When cutting your shafts to size, it’s important to remember that the Half-Outs add length to your arrow. The stem of the Half-Out goes into the shaft, and the two-piece sleeved impact collar sticks out from the shaft and adds length to your arrow. Do the math before cutting. Measure twice and cut once. 

With my arrows cut to size, I used Easton’s chamfering stone, which comes with each package of Half-Outs. Set the stone on a flat surface, put the insert end of your shaft over the nipple, press down, and spin the shaft. Don’t go crazy doing this. You’re not trying to grind the arrow down. The shaft moving around the nipple of the stone creates a more exact insert-to-shaft bond.

Next, I use a .22 cal. Brass brush to rough up the inside-the-shaft aluminum. This creates a better inner wall to insert bondage. Now, I dip a Q-tip in Isopropyl Alcohol to clean the inside of the shaft. Lastly, I apply my glue to my Half-Outs and twist them in a circle as I push them into the shaft. The twisting motion better distributes the glue for maximum insert bondage.

I was impressed with the new Match Grade inserts from the get-go. I applaud the two-piece design that’s slaved to the post. This unique build covers the front of the arrow to increase impact protection. In addition, the post is thicker than the posts of the original Half-Outs, and the self-centering orange silicone fit ring ensures point alignment and a zero-tolerance fit.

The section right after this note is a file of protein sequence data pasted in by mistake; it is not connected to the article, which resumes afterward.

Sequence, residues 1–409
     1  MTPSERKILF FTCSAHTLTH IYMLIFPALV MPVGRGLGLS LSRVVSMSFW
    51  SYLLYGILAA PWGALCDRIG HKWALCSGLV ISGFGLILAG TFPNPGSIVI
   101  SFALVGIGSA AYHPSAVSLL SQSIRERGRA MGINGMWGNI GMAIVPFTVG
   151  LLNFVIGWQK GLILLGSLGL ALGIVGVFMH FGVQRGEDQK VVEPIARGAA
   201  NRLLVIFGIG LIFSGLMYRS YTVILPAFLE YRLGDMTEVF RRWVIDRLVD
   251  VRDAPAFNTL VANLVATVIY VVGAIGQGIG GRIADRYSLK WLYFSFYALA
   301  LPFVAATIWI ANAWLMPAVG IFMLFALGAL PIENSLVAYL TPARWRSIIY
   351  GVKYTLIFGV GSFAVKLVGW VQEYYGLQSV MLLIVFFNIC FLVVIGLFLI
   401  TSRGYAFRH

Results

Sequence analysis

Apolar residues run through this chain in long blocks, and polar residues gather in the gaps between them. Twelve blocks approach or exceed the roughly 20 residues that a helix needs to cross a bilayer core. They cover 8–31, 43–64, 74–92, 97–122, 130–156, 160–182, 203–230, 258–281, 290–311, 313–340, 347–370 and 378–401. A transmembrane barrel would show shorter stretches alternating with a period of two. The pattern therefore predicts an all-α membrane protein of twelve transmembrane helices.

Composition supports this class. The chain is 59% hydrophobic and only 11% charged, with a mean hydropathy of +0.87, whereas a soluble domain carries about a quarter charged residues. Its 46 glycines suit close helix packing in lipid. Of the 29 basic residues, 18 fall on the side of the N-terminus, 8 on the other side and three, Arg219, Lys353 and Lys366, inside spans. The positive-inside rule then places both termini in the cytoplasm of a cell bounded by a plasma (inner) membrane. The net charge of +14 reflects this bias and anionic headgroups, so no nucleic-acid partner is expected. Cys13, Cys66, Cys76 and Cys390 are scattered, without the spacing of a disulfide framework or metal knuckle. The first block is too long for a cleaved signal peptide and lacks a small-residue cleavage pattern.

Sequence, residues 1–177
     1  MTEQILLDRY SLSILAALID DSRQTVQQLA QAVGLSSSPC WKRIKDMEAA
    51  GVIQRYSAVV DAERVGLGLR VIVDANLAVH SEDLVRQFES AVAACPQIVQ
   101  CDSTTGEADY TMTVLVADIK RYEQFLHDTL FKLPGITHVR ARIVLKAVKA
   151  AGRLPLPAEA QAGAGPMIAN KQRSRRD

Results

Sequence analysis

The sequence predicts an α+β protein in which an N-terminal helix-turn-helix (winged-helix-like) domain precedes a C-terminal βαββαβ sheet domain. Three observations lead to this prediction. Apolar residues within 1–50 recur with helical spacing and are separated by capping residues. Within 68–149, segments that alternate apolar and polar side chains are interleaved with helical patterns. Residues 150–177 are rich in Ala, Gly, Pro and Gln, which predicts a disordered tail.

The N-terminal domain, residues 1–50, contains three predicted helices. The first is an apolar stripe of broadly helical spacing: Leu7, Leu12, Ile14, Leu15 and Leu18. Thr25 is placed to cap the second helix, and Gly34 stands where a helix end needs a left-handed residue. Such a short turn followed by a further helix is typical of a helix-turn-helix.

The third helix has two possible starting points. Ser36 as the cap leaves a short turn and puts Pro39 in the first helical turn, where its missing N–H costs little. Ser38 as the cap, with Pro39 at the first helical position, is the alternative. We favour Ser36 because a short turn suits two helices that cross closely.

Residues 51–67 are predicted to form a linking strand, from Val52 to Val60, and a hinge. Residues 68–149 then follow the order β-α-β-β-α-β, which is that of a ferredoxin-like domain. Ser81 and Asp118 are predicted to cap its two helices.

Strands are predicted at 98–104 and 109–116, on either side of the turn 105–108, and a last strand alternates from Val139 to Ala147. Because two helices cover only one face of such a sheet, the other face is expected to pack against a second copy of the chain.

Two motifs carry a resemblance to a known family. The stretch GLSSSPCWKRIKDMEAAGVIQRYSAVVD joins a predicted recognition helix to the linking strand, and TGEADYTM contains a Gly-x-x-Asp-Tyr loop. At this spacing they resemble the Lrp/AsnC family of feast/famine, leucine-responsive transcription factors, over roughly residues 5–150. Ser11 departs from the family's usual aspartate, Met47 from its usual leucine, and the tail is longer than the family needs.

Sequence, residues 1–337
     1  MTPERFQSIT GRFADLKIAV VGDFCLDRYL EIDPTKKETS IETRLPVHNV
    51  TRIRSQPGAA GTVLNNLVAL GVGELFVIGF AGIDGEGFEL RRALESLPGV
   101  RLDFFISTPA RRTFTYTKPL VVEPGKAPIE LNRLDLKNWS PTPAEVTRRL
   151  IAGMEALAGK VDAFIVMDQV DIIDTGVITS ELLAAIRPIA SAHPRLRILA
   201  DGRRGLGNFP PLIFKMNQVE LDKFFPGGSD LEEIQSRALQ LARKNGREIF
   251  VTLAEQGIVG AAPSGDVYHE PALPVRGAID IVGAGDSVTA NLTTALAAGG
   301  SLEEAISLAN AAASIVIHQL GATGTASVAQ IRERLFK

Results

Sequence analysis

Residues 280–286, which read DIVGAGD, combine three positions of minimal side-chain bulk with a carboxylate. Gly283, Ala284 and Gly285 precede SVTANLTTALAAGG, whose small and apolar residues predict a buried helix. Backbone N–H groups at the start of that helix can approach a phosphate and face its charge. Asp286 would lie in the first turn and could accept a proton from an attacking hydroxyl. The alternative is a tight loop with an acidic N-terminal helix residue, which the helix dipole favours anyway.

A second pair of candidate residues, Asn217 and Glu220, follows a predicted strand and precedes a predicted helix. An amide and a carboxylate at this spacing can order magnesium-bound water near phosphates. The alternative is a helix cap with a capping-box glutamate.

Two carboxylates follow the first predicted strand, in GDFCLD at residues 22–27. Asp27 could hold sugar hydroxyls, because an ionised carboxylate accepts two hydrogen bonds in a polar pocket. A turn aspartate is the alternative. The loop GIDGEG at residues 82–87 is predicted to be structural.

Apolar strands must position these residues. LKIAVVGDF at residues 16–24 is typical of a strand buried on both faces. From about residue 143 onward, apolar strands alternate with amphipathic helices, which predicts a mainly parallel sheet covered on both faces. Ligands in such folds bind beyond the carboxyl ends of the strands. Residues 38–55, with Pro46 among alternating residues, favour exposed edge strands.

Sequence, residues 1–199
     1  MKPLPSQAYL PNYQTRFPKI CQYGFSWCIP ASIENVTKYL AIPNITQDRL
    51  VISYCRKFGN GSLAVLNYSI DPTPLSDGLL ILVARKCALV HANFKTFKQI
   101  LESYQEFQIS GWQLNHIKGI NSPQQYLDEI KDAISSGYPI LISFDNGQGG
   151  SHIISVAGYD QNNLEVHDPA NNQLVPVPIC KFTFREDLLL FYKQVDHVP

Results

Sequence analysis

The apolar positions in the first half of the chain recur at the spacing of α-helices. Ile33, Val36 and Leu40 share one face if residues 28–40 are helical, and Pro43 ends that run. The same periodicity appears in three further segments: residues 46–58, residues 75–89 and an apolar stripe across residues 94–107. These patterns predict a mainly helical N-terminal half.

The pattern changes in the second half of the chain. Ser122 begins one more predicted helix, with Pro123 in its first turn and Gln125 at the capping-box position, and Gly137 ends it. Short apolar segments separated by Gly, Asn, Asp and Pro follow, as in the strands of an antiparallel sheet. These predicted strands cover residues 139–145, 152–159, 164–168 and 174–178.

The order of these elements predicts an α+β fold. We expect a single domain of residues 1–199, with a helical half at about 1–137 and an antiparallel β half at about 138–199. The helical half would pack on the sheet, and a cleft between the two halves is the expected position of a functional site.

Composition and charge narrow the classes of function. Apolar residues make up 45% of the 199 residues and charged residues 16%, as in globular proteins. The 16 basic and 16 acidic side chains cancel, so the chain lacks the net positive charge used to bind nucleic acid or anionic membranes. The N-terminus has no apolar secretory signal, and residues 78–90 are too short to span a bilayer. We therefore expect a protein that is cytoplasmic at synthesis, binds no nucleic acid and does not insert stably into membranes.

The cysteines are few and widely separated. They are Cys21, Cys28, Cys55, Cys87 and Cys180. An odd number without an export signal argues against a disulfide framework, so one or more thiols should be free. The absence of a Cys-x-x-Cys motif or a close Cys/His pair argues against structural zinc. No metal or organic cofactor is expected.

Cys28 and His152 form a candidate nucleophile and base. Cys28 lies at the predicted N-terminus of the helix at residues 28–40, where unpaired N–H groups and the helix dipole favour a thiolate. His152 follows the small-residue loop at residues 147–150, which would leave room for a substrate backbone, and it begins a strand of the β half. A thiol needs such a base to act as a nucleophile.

Fletch Em’ Up

Take your time. After getting your inserts glued in, give them time to dry. Then, you can start fletching. I dressed each of my 340-spine X10 Parallel Pro shafts with four new-for-2024 Flex-Fletch Pro 2.5 vanes. I love these low-profile, durable vanes. They fletched up like a dream and created excellent arrow rotation in flight during the testing period.

Before attaching your vanes of choice, clean the tail-end of your arrow shaft. Carbon is dirty, and a rag soaked in rubbing alcohol will do the trick. I clean my vanes with a primer pen to ensure a rock-solid vane-to-shaft bond. My finished X10 Parallel Pros weighed 420.2 grains. 

Send Em’ 

It’s late February in Colorado, and I’m still chasing mountain lions behind hounds. For this reason, I didn’t want to retune my Hoyt Alpha X 33 to the X10 Parallel Pro shafts.